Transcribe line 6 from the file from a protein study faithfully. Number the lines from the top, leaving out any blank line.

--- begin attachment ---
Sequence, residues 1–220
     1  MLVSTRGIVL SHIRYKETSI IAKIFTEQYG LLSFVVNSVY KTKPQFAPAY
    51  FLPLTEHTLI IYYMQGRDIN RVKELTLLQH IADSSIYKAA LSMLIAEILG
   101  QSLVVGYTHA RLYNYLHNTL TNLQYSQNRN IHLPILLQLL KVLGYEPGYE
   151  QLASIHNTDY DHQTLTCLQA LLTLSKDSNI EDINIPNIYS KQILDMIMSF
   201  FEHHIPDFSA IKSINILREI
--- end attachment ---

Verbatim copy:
   201  FEHHIPDFSA IKSINILREI